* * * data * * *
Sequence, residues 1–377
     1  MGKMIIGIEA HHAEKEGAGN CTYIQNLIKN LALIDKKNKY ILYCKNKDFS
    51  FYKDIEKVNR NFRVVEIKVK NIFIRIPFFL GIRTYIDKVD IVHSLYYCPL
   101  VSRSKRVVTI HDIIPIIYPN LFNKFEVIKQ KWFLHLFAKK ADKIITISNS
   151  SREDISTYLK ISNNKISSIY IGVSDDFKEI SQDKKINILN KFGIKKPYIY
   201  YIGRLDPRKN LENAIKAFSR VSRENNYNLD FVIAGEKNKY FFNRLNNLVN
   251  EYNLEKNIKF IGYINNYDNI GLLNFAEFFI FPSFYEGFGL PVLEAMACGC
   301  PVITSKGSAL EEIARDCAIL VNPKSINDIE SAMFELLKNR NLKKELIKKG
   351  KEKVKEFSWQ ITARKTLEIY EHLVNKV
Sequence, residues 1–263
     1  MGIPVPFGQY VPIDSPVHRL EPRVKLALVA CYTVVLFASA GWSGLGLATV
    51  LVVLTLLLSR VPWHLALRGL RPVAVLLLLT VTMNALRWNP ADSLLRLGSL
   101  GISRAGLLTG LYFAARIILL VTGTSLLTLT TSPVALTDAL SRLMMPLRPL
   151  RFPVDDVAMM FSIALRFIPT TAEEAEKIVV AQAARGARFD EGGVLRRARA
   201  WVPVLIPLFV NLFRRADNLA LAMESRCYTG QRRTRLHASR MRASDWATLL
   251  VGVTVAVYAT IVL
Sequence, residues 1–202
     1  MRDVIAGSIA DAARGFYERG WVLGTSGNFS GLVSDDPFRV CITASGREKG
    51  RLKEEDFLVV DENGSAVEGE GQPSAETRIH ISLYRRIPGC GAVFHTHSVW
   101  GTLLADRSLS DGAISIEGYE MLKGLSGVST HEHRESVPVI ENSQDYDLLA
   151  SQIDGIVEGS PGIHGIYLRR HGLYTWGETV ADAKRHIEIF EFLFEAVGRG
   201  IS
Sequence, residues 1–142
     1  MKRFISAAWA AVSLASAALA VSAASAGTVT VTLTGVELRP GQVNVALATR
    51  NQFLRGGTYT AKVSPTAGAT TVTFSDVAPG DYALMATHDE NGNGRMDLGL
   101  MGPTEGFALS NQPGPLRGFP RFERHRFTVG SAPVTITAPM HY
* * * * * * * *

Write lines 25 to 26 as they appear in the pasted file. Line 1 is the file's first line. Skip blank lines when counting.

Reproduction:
    51  NQFLRGGTYT AKVSPTAGAT TVTFSDVAPG DYALMATHDE NGNGRMDLGL
   101  MGPTEGFALS NQPGPLRGFP RFERHRFTVG SAPVTITAPM HY